Liberal Democracy as the Ideal Society and Form of Government

Liberal democracy, social justice, and egalitarian governments are the prominently ideal forms of society and government, which considerably promote the creation of fair and just political systems and communities. The former underscores the protection of property, political, and civil rights, which enhances the well-being of the people due to their ability to safeguard the inherent individual liberties and free will. Under this system, consensually interact and engage voluntarily. Similarly, social justice has the greatest potential of creating a truly just and fair society due to the particular emphasis on equal economic, civic, and political liberties and opportunities. This can be enhanced by a government built on egalitarian principles, where all people have equal standing, with no groups or individuals enjoying special legal protections over the other. Notably, egalitarianism is predicated on the belief that all people are equal and should be treated equally, eliminating discrimination, injustices, and impartiality (Steckermeier and Delhey 1075). For instance, libertarianism stresses that all people have equal liberties, privileges, and entitlements. Therefore, such a social structure has limited opportunities for malpractices, for example, segregation.


Conclusively, the ideal society and form of government uphold individual liberties and create equal social, political, and economic opportunities for all. Such communal structures and state authorities are anchored on John Locke and Aristotle’s political philosophy of libertarianism. The principle underpinning of this model establishes and reinforces individual rights and liberties while treating all people impartially. Similarly, social justice and egalitarian structures enhance the true ideal of fairness and human equality. Arguably, these attributes of a socially just and fair society are unlikely to be accomplished through any other community and government models.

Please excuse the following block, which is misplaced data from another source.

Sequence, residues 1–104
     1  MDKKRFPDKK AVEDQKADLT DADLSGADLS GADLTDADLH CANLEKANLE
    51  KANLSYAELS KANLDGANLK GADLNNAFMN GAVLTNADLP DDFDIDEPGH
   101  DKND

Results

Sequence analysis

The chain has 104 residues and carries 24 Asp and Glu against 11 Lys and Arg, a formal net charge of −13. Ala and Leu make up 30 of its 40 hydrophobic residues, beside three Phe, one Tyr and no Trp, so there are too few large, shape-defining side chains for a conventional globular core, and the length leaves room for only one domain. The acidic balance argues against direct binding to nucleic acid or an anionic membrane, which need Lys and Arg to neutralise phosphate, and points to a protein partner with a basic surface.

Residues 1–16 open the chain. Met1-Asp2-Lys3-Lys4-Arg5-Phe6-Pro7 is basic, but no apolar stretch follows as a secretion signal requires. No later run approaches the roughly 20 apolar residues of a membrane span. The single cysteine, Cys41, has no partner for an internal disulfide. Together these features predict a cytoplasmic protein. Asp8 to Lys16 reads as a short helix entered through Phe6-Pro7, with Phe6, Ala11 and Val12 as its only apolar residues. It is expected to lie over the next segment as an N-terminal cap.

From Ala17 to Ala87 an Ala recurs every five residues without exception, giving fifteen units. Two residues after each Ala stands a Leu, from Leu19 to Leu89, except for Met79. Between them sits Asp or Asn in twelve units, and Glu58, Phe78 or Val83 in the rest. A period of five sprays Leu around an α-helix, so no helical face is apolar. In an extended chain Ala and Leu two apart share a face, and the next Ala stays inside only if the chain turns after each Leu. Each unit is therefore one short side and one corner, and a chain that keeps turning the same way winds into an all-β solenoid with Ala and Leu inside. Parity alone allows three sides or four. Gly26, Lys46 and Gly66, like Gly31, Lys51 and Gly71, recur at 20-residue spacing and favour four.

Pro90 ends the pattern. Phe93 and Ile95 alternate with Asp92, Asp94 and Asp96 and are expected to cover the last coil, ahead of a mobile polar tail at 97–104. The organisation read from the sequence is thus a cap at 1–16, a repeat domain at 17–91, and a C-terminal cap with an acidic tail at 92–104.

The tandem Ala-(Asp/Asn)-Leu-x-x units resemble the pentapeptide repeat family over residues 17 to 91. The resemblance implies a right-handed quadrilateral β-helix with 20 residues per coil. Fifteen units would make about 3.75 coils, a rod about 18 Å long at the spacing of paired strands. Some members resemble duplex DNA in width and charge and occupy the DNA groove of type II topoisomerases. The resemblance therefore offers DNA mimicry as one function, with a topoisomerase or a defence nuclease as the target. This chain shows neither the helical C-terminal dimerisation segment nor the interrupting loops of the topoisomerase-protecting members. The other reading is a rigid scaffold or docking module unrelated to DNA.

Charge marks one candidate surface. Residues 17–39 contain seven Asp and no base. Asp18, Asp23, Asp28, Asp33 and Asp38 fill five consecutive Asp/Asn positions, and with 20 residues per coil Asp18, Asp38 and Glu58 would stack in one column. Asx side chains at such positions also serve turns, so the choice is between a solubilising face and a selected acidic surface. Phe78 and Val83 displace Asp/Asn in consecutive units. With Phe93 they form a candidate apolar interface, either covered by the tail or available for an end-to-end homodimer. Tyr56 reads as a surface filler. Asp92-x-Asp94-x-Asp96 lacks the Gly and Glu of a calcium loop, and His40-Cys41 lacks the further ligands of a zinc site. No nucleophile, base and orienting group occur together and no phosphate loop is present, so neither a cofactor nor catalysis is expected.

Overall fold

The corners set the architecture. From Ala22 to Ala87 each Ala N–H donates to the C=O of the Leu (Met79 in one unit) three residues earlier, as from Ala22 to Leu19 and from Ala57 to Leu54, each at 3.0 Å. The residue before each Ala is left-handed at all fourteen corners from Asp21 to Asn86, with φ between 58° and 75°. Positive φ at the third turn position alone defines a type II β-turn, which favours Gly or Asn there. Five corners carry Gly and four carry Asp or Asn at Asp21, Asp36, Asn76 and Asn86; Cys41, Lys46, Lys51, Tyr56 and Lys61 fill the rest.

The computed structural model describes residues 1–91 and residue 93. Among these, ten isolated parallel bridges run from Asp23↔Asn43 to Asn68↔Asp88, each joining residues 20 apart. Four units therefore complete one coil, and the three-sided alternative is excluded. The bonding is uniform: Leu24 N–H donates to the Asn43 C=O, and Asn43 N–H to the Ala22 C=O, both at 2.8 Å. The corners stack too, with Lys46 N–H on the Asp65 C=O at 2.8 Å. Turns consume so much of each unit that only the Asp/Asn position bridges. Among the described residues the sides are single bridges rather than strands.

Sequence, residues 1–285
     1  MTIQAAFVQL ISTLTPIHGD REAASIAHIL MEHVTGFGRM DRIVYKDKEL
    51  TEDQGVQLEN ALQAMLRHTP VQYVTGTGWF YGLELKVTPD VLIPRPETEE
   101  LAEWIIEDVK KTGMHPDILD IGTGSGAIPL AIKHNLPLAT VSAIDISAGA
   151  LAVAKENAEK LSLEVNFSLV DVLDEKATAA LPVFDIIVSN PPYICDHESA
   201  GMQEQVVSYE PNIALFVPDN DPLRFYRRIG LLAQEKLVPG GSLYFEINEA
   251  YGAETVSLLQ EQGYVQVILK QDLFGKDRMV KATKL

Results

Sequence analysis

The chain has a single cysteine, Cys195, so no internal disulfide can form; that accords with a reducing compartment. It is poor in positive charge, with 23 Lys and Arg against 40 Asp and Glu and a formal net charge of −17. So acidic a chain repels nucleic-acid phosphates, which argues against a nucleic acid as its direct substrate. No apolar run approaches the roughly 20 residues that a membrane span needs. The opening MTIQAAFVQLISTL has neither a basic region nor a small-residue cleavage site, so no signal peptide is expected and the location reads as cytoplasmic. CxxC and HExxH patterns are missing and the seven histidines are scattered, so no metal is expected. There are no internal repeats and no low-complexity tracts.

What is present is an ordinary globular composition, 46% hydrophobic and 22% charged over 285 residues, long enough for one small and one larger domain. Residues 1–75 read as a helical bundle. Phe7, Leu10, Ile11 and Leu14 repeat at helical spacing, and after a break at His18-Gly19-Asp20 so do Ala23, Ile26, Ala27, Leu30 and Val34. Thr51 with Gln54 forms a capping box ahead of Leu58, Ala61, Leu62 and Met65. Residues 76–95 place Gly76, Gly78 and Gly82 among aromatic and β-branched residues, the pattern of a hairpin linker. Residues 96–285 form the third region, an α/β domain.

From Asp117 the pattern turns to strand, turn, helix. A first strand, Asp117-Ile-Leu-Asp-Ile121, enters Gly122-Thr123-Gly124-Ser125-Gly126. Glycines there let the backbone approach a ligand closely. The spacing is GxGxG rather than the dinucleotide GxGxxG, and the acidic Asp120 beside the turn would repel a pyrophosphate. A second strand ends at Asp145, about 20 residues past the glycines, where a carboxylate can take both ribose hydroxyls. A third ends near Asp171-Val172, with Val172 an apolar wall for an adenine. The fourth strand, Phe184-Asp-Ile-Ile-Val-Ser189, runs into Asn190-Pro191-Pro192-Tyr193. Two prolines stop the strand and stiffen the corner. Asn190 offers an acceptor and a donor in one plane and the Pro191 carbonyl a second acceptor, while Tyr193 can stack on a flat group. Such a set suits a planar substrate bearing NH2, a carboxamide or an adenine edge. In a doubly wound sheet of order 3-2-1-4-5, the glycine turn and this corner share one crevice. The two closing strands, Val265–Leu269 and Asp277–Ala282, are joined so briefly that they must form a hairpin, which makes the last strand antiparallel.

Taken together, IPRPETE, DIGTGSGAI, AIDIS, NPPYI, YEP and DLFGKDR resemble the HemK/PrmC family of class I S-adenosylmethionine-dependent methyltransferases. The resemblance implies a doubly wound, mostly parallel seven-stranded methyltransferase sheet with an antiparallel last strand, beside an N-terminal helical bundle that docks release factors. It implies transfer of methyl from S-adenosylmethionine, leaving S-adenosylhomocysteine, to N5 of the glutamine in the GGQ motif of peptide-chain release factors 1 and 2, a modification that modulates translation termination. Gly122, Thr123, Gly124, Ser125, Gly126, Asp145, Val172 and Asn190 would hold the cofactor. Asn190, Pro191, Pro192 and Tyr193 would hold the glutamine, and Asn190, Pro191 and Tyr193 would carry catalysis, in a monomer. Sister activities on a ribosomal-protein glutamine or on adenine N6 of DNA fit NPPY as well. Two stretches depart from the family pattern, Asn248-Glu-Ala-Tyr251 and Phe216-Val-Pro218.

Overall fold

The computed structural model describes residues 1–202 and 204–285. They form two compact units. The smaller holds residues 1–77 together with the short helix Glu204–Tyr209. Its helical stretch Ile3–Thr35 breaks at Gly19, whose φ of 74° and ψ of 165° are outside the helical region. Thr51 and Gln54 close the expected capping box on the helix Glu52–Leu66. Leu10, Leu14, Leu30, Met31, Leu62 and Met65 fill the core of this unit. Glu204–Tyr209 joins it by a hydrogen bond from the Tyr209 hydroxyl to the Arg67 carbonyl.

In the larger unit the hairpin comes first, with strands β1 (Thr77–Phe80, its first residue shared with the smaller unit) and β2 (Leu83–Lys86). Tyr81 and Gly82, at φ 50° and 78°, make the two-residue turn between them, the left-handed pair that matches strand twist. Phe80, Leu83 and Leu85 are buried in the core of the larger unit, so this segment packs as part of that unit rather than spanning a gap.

Cheng, Zhiming et al. “Housing Property Rights and Subjective Wellbeing in Urban China.” European Journal of Political Economy, vol. 45, 2016, pp. 160–174. Web.

Hesmondhalgh, David. “Capitalism and the Media: Moral Economy, Well-Being and Capabilities.” Media, Culture & Society, vol. 39, no. 2, 2016, pp. 202–218. Web.

Lege, Philippe. “History, Utility and Liberty: John Stuart Mill’s Critical Examination of Auguste Comte.” The European Journal of the History of Economic Thought, vol. 25, no. 3, 2018, pp. 428–459. Web.

Papouli, Eleni. “Aristotle’s Virtue Ethics as a Conceptual Framework for the Study and Practice of Social Work in Modern Times.” European Journal of Social Work, vol. 22, no. 6, 2018, pp. 921–934. Web.

Patomaki, Heikki. “Capitalism: Competition, Conflict, Crisis.” Journal of Critical Realism, vol. 16, no. 5, 2017, pp. 537–543. Web.

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Queiroz, Regina. “Individual Liberty and the Importance of the Concept of the People.” Palgrave Communications, vol. 4, no. 1, 2018, pp. 1–12. Web.

Yan, Xuetong. “Chinese Values Vs. Liberalism: What Ideology Will Shape the International Normative Order?” The Chinese Journal of International Politics, vol. 11, no. 1, 2018, pp. 1–22. Web.